Note: An event that occurs every 8,760 Calendar hours (once per year) only occurs 24 times in a 25 year project. The event occurs at the end of every year from the first year to the 24th year, but not at the end of the 25th year.
The cost of each maintenance event is defined in terms of a Cost (fixed cost) and a Marginal Cost. The fixed cost is assessed the same way regardless of the Search Space value being simulated. The Marginal Cost is multiplied by the value in the Search Space and added to the fixed cost to determine the total cost of the maintenance procedure. The Insurance and Tax event costs $50 per unit. So for a quantity or capacity of one for that storage component, the total cost per year for this item is $50. If the Search Space contains a 3, the simulation for a quantity of 3 uses $150 per year for the Insurance and Tax event.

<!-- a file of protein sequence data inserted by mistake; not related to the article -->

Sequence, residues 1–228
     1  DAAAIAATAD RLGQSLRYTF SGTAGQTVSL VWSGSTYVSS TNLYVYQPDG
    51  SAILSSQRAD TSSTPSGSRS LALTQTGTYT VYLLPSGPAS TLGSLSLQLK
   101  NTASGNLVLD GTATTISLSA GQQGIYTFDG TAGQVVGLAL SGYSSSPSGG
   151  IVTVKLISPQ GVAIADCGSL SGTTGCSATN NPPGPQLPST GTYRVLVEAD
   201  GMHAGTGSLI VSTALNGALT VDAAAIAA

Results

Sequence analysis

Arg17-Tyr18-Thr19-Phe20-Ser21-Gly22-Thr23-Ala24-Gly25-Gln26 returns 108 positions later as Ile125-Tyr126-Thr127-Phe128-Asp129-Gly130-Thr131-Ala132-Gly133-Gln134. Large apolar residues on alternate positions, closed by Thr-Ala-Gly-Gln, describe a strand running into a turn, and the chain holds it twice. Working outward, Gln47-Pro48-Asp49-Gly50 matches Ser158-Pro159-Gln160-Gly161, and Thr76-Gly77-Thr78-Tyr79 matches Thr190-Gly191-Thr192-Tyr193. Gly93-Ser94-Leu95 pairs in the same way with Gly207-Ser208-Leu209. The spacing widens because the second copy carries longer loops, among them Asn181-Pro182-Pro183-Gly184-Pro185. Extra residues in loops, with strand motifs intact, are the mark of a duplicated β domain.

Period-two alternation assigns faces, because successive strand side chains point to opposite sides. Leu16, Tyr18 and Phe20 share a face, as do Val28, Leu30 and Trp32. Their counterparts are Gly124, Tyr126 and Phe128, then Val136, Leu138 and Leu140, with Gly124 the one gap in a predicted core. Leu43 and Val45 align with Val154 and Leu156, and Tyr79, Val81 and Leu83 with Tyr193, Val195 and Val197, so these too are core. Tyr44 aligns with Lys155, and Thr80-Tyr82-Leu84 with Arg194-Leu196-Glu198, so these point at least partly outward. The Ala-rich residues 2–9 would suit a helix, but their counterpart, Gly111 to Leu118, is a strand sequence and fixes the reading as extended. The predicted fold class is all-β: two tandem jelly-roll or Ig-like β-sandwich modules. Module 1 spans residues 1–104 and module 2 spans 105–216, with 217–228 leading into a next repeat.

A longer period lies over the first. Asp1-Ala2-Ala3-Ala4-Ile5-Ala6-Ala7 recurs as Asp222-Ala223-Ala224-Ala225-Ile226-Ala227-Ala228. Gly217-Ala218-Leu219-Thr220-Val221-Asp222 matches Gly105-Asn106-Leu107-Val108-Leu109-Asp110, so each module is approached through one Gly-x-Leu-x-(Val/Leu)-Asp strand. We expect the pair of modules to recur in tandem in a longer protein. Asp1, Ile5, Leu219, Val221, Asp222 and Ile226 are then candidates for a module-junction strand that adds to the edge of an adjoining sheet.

Note: HOMER can only model the downtime for a maintenance event if it occurs in the first year, or if you are running HOMER in Multi-year mode.
The cell stack replacement fixed cost is $1000, which might be the cost for the technician to come to the site and disconnect the battery bank as a whole to prepare if for service. This cost is assessed regardless of the size or quantity of the storage component. The marginal cost for this item is $2000, which might be the cost of the materials, plus the cost of the technician's time to replace the cell stacks in each battery. To continue with the example above, in the simulation with a size or quantity of one, the total cost of cell stack replacement would be $3000 every ten years. For the simulation with the Search Space entry of 3, the cost would be $7000 ($1000 + 3 x $2000).
Note: HOMER does not model the storage charge controller as a separate component. You must include its cost and efficiency in the values you specify for the storage or in other components in the system.